The Government, with the assistance of an industry working group, has issued long-awaited statutory guidance on GMP conversion. This is an important issue for many schemes reviewing the practicalities of implementing last year’s High Court judgment on equalising for the effect of GMPs (see our LawNow here).
The picture so far
Guaranteed minimum pensions (GMPs) are the minimum pension which a formerly contracted-out final salary scheme must provide in respect of benefits earned between April 1978 and April 1997, and are payable to men from age 65 and to women from age 60. However, in the Lloyds Banking Group case last October, the High Court ruled that for scheme members who accrued GMPs from 17 May 1990 to 5 April 1997, European law requires the removal of any equality arising from the GMP rules.
The GMP conversion legislation, which has been in force since 2009, allows schemes to convert the GMP into a non-GMP benefit, so that affected members’ benefits are no longer subject to the additional, and complex, rules that apply to many aspects of GMPs.
In 2016 the Government announced a proposed methodology for equalising and converting GMP benefits. In broad terms, the proposed conversion method involved a one-off calculation and actuarial comparison of the benefits a man and woman with the same pensionable service details would have, with the greater of the two then converted into an ordinary scheme benefit using the GMP conversion provisions. This would avoid the need for the detailed calculations that otherwise arise from having to provide equal benefits (as the value of male and female GMP for members with the same pensionable salary and service record is likely to differ, and the nature of the difference will change over time).
What does the guidance say?
The guidance summarises the Lloyds case and the GMP conversion legislation, before setting out a 10-stage process for conversion (based on DWP’s 2016 approach), with commentary on what trustees should consider at each step. There is helpful confirmation that trustees do not have to convert all members’ benefits at the same time (for example, trustees could choose to convert benefits for members only once they leave pensionable service).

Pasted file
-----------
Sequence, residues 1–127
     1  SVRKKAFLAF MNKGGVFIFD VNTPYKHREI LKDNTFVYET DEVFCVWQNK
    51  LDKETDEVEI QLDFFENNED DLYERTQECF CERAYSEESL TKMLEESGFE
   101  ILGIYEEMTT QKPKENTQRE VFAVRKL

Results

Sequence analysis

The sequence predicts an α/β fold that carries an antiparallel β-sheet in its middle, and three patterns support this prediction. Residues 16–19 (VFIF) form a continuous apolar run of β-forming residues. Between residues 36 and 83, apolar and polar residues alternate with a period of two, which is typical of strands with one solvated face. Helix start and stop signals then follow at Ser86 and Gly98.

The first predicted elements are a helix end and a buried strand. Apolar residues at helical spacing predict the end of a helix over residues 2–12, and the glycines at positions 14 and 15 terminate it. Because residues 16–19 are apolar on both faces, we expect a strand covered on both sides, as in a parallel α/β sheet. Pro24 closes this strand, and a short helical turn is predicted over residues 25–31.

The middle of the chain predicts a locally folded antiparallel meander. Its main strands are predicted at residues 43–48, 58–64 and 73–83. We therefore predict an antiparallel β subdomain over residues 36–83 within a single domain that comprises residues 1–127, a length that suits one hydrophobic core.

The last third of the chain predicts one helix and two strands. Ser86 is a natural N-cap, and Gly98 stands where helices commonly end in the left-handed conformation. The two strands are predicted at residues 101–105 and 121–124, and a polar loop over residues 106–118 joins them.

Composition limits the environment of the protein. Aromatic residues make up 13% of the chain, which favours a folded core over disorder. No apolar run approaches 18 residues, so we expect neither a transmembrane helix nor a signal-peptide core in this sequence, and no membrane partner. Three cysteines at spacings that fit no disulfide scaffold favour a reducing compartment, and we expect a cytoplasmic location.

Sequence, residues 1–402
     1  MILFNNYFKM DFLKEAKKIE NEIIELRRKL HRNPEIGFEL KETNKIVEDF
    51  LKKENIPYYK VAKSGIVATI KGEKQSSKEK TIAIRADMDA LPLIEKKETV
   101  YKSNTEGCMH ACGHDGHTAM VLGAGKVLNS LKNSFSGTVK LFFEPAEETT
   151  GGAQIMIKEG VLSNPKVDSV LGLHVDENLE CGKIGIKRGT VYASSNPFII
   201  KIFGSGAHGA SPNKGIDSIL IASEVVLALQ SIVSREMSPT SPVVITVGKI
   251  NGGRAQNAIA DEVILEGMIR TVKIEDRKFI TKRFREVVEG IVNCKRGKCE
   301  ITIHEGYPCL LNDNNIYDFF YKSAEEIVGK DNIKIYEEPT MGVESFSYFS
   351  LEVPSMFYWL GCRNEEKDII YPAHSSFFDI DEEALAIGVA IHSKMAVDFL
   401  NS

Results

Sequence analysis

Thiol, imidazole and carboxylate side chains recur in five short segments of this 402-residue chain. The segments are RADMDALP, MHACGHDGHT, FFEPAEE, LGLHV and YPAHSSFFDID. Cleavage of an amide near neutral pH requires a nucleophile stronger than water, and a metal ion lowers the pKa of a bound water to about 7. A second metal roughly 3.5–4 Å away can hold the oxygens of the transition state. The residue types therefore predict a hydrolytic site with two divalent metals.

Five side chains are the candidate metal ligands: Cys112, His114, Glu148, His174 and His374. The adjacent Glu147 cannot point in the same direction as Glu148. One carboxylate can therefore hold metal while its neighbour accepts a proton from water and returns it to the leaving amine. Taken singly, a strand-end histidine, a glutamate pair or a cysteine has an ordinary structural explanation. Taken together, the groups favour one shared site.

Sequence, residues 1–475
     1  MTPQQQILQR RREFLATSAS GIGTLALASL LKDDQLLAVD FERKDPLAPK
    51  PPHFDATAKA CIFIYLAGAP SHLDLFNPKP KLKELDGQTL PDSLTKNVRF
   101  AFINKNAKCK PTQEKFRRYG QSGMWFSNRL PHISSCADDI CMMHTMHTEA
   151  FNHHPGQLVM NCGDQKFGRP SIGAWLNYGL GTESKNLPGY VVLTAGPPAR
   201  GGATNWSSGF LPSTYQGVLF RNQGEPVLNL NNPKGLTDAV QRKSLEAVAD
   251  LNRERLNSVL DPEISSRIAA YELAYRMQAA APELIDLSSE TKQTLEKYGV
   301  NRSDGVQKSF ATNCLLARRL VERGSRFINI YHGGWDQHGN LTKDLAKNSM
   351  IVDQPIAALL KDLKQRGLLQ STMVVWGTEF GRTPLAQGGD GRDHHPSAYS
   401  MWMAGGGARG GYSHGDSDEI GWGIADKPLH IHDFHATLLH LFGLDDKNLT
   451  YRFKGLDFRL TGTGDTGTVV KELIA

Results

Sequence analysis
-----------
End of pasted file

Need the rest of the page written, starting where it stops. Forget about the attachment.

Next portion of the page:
Other areas covered include the requirements to consult members and to obtain the employer’s agreement; which existing benefits can be reshaped (these are not limited to only the member’s GMP benefit); and the mechanics of amendment. The guidance offers additional detail on the actuary’s role and the assumptions to be used for conversion, noting that the scheme’s cash equivalent transfer value (CETV) basis will often be an acceptable starting point.
The guidance does leave several issues open. These include how to deal with past deaths and transfers out; the treatment of GMP underpins in DC schemes; resolving shortcomings in member data; and whether trustees can use sex-based actuarial factors.
Equalisation: the need for a comparator
The guidance restates DWP’s long-held view that, as a matter of European law, the requirement to remove unfavourable treatment arising from GMP rules does not require an opposite sex comparator. The Government intends to amend the Equality Act to put the point beyond doubt (the judge in the Lloyds case did not have to decide the issue, as the parties agreed to proceed on the basis that no comparator was required).
Future developments in GMP equalisation
Pieces of the fiendish GMP jigsaw puzzle are falling into place, but a number of uncertainties remain. We understand that a further hearing in the Lloyds case is still anticipated, which may deal with discrete points such as the treatment of past transfers-out. We also expect more guidance on equalisation and conversion issues from a new industry-wide working group which has been established for this purpose.
In the meantime the Government continues to consider making amendments to the GMP conversion legislation (covering subjects such as the tax treatment of converted benefits), and the guidance confirms that DWP and HMRC are discussing a number of wider pensions tax issues, including the risk that conversion or equalisation might inadvertently breach members’ existing lifetime allowance protections.
Until we have the full picture, trustees and employers who wish to take advantage of conversion should take advice on the developing situation and consider their project timetables carefully.